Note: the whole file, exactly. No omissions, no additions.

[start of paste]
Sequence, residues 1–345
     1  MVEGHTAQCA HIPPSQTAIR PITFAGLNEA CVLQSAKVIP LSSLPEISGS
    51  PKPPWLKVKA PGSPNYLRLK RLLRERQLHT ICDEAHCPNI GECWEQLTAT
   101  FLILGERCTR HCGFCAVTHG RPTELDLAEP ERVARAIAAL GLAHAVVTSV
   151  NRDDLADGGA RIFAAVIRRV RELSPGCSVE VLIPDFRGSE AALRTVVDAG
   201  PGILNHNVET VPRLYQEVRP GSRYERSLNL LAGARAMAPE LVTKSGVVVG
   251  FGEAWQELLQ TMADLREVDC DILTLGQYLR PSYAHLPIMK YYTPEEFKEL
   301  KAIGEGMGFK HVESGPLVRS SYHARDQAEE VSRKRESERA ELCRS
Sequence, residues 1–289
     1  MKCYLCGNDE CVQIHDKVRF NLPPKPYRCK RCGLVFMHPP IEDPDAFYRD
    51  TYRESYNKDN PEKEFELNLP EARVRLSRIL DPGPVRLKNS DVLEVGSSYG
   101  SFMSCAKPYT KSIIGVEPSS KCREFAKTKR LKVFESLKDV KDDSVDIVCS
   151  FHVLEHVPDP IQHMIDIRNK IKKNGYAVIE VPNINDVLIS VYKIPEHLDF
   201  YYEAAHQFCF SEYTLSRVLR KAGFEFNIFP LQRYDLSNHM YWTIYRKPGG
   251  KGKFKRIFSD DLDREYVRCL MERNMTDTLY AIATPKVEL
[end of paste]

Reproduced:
Sequence, residues 1–345
     1  MVEGHTAQCA HIPPSQTAIR PITFAGLNEA CVLQSAKVIP LSSLPEISGS
    51  PKPPWLKVKA PGSPNYLRLK RLLRERQLHT ICDEAHCPNI GECWEQLTAT
   101  FLILGERCTR HCGFCAVTHG RPTELDLAEP ERVARAIAAL GLAHAVVTSV
   151  NRDDLADGGA RIFAAVIRRV RELSPGCSVE VLIPDFRGSE AALRTVVDAG
   201  PGILNHNVET VPRLYQEVRP GSRYERSLNL LAGARAMAPE LVTKSGVVVG
   251  FGEAWQELLQ TMADLREVDC DILTLGQYLR PSYAHLPIMK YYTPEEFKEL
   301  KAIGEGMGFK HVESGPLVRS SYHARDQAEE VSRKRESERA ELCRS
Sequence, residues 1–289
     1  MKCYLCGNDE CVQIHDKVRF NLPPKPYRCK RCGLVFMHPP IEDPDAFYRD
    51  TYRESYNKDN PEKEFELNLP EARVRLSRIL DPGPVRLKNS DVLEVGSSYG
   101  SFMSCAKPYT KSIIGVEPSS KCREFAKTKR LKVFESLKDV KDDSVDIVCS
   151  FHVLEHVPDP IQHMIDIRNK IKKNGYAVIE VPNINDVLIS VYKIPEHLDF
   201  YYEAAHQFCF SEYTLSRVLR KAGFEFNIFP LQRYDLSNHM YWTIYRKPGG
   251  KGKFKRIFSD DLDREYVRCL MERNMTDTLY AIATPKVEL